Can The Jets Duplicate Their Defensive Success in 2010?
There is no question that the Jets defense caused a lot of excitement in 2009. Under the leadership of head coach Rex Ryan the defense transformed itself from a very passive unit to the most aggressive unit in the NFL. The Jets led the NFL in almost every important statistical category. They allowed the least points and least yards per game. Their pass defense was number one by a wide margin and the team allowed less than 14 points in half of their regular season games. The defense, which already featured the best player in the league in cornerback Darrelle Revis only looks to have improved by adding CB Antonio Cromartie and LB Jason Taylor to the mix. Needless to say the fan base can not wait to see this unit take the field in 2010 and dominate the league en route to a championship run.
However, a comment was made by Football Outsiders a few months ago questioning whether or not the defense had the ability to duplicate the success of 2009 in 2010. The basic premise was that a team with the number 1 defense, based on the FO metrics. usually falls back to the pack the following year. I wanted to take it a step further and look into the trends not just of the number 1 defense, but of the teams that had traditionally been considered defensive powerhouses, or simply fielded some very high ranking teams, in the last decade. I used my own defensive efficiency ratings to research the teams. These rankings simply measure the percentage that a defense holds a team below their scoring average. For example, a team allowing 17 points a game against a schedule that on average scores 20 points a game would be credited with a 15% efficiency rating.
Just How Good was the 2009 Jets Defense?
There was a thought floating around followers of the team that the Jets defense was very good, but not great. This thought was supported by the lack of a pass rusher and the defense’s late game implosions against the Jacksonville Jaguars, Atlanta Falcons, and Miami Dolphins. Even the head coach at one point said he expected the defense to be better. However, the Jets efficiency rating of 32.39% ranked 9th in the decade and clearly would be considered an elite defense. The following teams ranked above a 30% during the 2000’s:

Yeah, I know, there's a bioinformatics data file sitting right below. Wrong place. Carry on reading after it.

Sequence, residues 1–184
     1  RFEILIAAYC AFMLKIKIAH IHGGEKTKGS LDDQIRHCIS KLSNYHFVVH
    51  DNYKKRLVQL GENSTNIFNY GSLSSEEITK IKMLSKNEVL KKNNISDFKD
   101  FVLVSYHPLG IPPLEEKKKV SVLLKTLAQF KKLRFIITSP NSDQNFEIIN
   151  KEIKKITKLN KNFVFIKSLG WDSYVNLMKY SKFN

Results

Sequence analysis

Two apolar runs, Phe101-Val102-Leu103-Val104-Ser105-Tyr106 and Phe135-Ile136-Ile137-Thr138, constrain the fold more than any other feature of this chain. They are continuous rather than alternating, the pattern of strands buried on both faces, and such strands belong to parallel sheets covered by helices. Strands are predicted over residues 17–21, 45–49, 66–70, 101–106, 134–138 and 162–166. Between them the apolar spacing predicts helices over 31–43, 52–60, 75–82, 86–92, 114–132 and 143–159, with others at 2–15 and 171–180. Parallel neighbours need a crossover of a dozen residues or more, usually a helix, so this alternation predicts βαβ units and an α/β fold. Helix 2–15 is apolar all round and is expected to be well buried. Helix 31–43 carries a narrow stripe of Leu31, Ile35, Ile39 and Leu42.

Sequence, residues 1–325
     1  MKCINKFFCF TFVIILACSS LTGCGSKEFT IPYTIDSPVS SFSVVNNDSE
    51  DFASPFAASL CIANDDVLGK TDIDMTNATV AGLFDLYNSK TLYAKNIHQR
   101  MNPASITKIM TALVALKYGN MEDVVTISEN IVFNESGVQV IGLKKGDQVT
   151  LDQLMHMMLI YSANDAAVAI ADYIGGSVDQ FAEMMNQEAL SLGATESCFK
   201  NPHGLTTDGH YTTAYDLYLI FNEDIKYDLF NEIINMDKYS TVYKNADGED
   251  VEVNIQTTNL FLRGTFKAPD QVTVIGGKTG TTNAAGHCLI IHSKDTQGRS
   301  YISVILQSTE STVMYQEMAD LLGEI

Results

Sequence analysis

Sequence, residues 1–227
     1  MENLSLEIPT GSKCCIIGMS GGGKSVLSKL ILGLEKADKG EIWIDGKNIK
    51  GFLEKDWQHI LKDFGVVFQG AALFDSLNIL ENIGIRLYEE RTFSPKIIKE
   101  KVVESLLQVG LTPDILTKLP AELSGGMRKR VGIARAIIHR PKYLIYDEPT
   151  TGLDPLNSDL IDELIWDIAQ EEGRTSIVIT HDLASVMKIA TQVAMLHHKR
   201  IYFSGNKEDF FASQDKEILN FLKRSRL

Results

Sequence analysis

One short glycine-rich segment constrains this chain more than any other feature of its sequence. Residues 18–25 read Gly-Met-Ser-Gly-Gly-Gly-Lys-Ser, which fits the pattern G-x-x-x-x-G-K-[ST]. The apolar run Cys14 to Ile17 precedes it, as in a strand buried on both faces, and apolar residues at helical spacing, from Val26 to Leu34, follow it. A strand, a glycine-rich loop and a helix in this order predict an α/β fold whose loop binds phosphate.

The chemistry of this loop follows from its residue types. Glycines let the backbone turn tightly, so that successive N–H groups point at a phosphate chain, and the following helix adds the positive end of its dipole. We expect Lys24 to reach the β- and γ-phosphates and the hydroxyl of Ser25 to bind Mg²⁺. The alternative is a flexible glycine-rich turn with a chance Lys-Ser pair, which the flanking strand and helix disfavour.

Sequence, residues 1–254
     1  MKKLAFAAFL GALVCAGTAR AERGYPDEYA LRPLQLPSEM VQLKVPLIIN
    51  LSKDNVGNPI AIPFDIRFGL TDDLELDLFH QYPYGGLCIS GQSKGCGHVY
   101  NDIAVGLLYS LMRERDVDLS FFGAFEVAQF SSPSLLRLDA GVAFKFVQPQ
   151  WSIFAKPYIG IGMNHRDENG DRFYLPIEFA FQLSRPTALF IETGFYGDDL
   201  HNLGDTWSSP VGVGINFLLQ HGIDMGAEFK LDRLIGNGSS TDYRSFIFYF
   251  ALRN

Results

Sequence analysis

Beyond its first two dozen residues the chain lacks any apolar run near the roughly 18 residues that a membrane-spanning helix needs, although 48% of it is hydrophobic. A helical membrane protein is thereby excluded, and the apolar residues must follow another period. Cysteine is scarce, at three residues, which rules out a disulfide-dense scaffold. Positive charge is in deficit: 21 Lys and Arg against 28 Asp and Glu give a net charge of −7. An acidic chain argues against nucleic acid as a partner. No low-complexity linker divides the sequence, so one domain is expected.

Just a quick glance at that list shows a scary trend- it takes a very long time for a defense to reach elite status a second time, if they ever do it at all. It took the Ravens six years, the Bears four years and the Titans eight years to get the defense back to a 30% rating. The other squads never returned. So based on the historical data its more likely that the Jets defensive performance was a highlight performance rather than the starting point of the next 1985 Chicago Bears.
Just How Drastic Are the Defensive Falls?
Its been pretty huge. The following chart shows the percentage decrease of the elite level defensive teams the following season.
The lowest fall was the 2003 Eagles who were down 38.6% from their 2002 high. If the Jets matched that they would fall to a 19.89% efficiency rating. To put that number in perspective the Jets would have allowed about 3 points per game more last year with that efficiency rating. That would still be top 5 in the NFL, but no longer number 1 and no longer the type of defense that carries a team to a title. Most of the drops have been much more drastic than that of the Eagles. Four of the teams posted negative efficiencies following their elite level runs, meaning they went from fielding one of the best defenses of the decade to a below average defense the following year. The normal drop is more than 50%, which would leave the Jets well under expectations if it were to happen.
Can the Jets possibly have been a one hit wonder?